section 771(3.1)

INTRODUCTION AND BRIEF DESCRIPTION

This section allows for an order to be filed with a superior court clerk and for a writ of fieri facias to be issued and delivered to the sheriff for the purpose of enforcing the order on the principal or suretys property.

SECTION WORDING

771(3.1) An order made under subsection (2) may be filed with the clerk of the superior court and if an order is filed, the clerk shall issue a writ of fieri facias in Form 34 and deliver it to the sheriff of each of the territorial divisions in which the principal or any surety resides, carries on business or has property.

EXPLANATION

Section 771(3.1) of the Criminal Code of Canada pertains to the filing and enforcement of restitution orders issued under subsection (2). When a restitution order is made against a defendant under subsection (2), the order may be filed with the clerk of the superior court, which essentially means that it is officially recorded in the court's records. Once the order is filed, the clerk is required to issue a writ of fieri facias in Form 34, which is essentially a legal document that authorizes a sheriff to enforce the order. The writ is then delivered to the sheriff of each of the territorial divisions in which the defendant or any surety resides, carries on business, or has property. This means that the sheriff is authorized to seize property or assets belonging to the defendant or their surety, and use those assets to satisfy the restitution order. The sheriff may also be authorized to place liens on real estate owned by the defendant or their surety. Overall, section 771(3.1) serves to ensure that restitution orders issued under subsection (2) are effectively enforced and that victims are able to receive the compensation owed to them by the defendant. It is an important component of the criminal justice system in Canada that aims to provide justice to victims of crime.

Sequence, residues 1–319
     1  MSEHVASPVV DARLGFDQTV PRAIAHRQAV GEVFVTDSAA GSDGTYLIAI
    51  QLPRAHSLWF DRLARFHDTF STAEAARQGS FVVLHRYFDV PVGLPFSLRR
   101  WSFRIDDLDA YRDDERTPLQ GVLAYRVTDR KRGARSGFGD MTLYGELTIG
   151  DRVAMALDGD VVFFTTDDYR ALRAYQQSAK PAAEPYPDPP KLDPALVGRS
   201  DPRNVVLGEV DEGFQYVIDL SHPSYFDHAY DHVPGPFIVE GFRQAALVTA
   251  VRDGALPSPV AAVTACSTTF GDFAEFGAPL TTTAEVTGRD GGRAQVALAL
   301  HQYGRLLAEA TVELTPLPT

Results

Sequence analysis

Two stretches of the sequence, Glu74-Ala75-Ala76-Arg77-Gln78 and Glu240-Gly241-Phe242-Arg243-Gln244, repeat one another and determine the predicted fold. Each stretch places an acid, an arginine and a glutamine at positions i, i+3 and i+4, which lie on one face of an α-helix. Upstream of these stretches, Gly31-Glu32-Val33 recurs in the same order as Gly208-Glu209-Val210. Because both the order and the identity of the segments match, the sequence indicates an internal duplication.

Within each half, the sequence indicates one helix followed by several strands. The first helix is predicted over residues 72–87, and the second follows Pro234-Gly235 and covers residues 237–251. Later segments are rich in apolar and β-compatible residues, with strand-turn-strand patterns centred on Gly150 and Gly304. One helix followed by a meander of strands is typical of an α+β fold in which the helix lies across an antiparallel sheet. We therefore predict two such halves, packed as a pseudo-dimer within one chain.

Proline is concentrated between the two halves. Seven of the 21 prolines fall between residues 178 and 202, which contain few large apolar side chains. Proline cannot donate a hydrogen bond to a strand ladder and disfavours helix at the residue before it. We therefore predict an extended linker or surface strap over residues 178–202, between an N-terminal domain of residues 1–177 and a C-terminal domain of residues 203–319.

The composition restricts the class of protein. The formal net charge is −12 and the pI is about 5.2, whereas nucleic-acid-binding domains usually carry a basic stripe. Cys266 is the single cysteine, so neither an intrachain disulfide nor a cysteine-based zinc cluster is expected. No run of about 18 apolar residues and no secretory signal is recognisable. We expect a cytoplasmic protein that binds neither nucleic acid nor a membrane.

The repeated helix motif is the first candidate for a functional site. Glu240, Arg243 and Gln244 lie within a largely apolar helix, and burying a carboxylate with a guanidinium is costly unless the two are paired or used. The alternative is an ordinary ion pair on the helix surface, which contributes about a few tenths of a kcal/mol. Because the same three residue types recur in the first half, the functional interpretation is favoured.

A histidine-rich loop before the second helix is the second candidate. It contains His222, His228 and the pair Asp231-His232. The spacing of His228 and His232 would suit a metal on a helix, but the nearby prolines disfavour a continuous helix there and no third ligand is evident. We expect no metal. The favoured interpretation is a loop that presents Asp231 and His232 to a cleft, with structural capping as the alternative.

COMMENTARY